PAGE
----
Page 2 - Word Usage Study Guide for the English Basics

Words with Multiple Meanings

Multiple-meaning words (or homonyms) are words that have the same spelling and usually sound alike but have very different meanings, depending on context. The list of multiple-meaning words is long and sometimes there are three or more meanings for the same word. Sometimes, words that are spelled the same have different pronunciations, depending on what meaning is intended. Here are some examples of these types of words:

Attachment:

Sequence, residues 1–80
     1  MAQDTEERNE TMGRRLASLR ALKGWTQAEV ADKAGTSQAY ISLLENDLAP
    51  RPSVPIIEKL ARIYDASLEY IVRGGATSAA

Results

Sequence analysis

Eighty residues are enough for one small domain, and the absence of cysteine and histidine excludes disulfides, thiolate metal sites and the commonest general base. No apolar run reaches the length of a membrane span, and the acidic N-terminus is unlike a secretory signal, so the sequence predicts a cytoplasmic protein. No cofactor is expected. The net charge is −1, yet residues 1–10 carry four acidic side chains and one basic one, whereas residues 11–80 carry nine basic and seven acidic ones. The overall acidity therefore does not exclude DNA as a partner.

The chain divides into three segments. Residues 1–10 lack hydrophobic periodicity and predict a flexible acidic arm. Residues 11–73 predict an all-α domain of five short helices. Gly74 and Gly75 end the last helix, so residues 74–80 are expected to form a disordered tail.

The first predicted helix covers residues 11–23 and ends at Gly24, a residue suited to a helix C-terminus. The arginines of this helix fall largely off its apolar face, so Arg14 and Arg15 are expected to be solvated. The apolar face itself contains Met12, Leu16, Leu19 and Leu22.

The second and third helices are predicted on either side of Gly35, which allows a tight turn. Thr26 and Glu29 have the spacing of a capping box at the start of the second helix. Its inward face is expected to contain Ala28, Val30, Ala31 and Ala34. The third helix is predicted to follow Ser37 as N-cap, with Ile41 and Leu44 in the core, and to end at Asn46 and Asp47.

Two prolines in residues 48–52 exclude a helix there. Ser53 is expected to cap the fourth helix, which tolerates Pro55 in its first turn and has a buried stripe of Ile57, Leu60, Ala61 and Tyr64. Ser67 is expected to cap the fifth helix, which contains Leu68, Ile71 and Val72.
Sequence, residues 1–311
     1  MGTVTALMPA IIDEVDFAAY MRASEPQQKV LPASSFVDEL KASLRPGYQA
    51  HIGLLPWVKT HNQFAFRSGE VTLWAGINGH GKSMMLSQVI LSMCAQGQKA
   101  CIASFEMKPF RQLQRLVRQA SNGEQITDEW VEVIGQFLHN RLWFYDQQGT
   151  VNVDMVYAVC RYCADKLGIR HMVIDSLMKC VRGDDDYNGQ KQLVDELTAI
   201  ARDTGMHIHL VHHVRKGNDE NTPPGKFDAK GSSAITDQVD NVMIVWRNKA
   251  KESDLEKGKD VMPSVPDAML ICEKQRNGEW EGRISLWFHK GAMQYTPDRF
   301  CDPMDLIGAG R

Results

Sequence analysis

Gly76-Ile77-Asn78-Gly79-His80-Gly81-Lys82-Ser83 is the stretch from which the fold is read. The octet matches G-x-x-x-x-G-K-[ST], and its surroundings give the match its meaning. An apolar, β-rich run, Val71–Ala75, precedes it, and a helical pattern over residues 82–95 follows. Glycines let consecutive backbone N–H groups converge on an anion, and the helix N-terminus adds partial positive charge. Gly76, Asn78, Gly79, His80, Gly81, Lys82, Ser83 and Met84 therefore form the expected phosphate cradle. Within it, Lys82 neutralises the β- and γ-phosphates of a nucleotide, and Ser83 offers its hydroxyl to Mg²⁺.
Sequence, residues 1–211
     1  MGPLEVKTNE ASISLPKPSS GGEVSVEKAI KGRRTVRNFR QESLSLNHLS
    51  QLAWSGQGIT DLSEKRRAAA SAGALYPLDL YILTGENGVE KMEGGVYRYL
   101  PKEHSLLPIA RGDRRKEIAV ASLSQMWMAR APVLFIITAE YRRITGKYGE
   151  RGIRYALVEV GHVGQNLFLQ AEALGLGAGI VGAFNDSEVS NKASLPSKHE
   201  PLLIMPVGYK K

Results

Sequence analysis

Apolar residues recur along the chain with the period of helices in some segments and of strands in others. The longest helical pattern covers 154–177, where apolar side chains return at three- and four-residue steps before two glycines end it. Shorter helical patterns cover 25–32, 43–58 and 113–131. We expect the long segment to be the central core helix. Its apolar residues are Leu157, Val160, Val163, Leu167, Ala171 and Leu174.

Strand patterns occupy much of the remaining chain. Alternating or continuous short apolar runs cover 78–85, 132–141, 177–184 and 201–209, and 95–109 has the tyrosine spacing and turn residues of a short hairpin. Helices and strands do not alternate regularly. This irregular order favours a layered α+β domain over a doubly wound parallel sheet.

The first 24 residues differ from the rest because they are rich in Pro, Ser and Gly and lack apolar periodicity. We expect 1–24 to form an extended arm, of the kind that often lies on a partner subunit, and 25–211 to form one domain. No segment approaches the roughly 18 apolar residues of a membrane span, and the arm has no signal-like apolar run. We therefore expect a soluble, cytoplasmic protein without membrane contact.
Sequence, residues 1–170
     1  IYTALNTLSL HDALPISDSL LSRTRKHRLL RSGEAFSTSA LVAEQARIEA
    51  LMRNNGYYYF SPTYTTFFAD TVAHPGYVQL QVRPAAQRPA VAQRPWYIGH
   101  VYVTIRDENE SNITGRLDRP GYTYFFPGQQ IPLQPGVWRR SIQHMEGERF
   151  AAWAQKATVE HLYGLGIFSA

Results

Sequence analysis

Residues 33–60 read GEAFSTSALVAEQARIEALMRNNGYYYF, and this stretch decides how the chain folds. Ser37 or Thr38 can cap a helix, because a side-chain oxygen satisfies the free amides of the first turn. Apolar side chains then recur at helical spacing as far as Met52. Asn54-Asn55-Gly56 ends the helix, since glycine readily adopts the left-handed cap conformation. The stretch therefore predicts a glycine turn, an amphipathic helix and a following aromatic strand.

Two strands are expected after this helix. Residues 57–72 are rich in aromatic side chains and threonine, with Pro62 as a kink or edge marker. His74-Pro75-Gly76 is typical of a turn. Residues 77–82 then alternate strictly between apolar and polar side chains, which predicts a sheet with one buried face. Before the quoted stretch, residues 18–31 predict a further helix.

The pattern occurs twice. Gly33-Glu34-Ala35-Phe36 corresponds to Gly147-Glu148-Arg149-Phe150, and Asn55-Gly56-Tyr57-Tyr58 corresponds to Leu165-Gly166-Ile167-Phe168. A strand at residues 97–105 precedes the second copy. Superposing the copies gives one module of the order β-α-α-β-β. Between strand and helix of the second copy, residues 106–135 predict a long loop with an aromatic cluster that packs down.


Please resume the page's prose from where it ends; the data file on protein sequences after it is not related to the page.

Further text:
\[\begin{array}{|l|l|} \hline \mathbf{Word} & \mathbf{Common \,Meanings} \quad \quad \quad \quad \quad & \mathbf{Examples} \quad \quad \quad \quad \quad \\ \hline \mathbf{bark} & \text{sound a dog makes} & \text{"I heard the dogs}\, \mathbf{bark} \,\text{all night."} \\ \text{}& \text{tree covering} & \text{“The tree}\, \mathbf{bark} \,\text{was rough.”} \\ \hline \mathbf{bit} & \text{past tense of "bite"} & \text{"Alex}\, \mathbf{bit} \,\text{into the ripe tomato."} \\ \text{}& \text{a small amount} & \text{"Anya asked for a}\, \mathbf{bit} \,\text{more soup."} \\ \text{}& \text{bridle part in horse's mouth} & \text{"The horse refused the} \,\mathbf{bit} \text{."} \\ \hline \mathbf{bat} & \text{a small flying mammal} & \text{"At dusk, a}\, \mathbf{bat} \,\text{came out to eat insects."} \\ \text{}& \text{equipment used to strike a ball} & \text{“The batter swung the} \,\mathbf{bat}\, \text{at the ball.”} \\ \text{}& \text{verb meaning "to hit"} & \text{“The kitten likes to} \,\mathbf{bat}\, \text{at the catnip toy.”} \\ \hline \mathbf{bow} & \text{ornamentation for a gift} & \text{“The} \,\mathbf{bow} \,\text{matches the wrapping paper."} \\ \text{(rhymes}& \text{device to shoot arrows} & \text{“The archer shot arrows with his} \,\mathbf{bow} \,\text{.”} \\ \text{with "toe")}& \text{}& \text{} \\ \hline \mathbf{bow}& \text{bend to show respect} & \text{“You must} \,\mathbf{bow} \,\text{to the queen.”} \\ \text{(rhymes}& \text{to yield} & \text{“We will not} \,\mathbf{bow} \, \text{to public pressure!”} \\ \text{with "cow")}& \text{the front of a boat} & \text{“The captain went to the}\, \mathbf{bow} \,\text{of the ship.”} \\ \hline \mathbf{left} & \text{direction opposite "right"} & \text{“Turn} \,\mathbf{left}\, \text{at the stoplight.”} \\ \text{}& \text{past tense of the verb “leave”} & \text{”The movie was so boring, we}\, \mathbf{left} \,\text{.”} \\ \text{}& \text{remaining} & \text{“Chips were the only snacks} \,\mathbf{left}\, \text{.”} \\ \hline \mathbf{can} & \text{is able to} & \text{“} \mathbf{Can} \,\text{you reach the top shelf?”} \\ \text{}& \text{container} & \text{“That} \,\mathbf{can}\, \text{of soup sat unopened.”} \\ \text{}& \text{to dismiss from a job (slang)} & \text{“My boss will}\, \mathbf{can}\, \text{me if I’m late again.”} \\ \hline \mathbf{grave} & \text{serious} & \text{“The victim was in}\, \mathbf{grave}\, \text{condition.”} \\ \text{}& \text{burial place} & \text{“Many mourners stood by the} \,\mathbf{grave}\, \text{.”} \\ \hline \mathbf{hatch} & \text{create a plan} & \text{“The thieves had to} \,\mathbf{hatch}\, \text{a clever plan.} \\ \text{}& \text{emerge from an egg} & \text{“The chicks will}\, \mathbf{hatch} \,\text{in about a week.”} \\ \text{}& \text{opening} & \text{“The water flowed into the boat through} \\ \text{}& \text{} & \text{an open}\, \mathbf{hatch} \, \text{.”} \\ \hline \mathbf{monitor} & \text{supervising person} & \text{“The teacher left a student}\, \mathbf{monitor}\, \text{in charge.”} \\ \text{}& \text{watch or listen} & \text{“Does the government} \,\mathbf{monitor}\, \text{our email?”} \\ \text{}& \text{display screen} & \text{“Check the} \, \mathbf{monitor}\, \text{in the airport for flight times.”} \\ \hline \mathbf{sentence} & \text{a series of words with meaning} & \text{“Amy had to write the}\, \mathbf{sentence}\, \text{100 times.”} \\ \text{}& \text{punishment} & \text{“A judge delivered the criminal’s}\, \mathbf{sentence} \, \text{."} \\ \hline \end{array}\]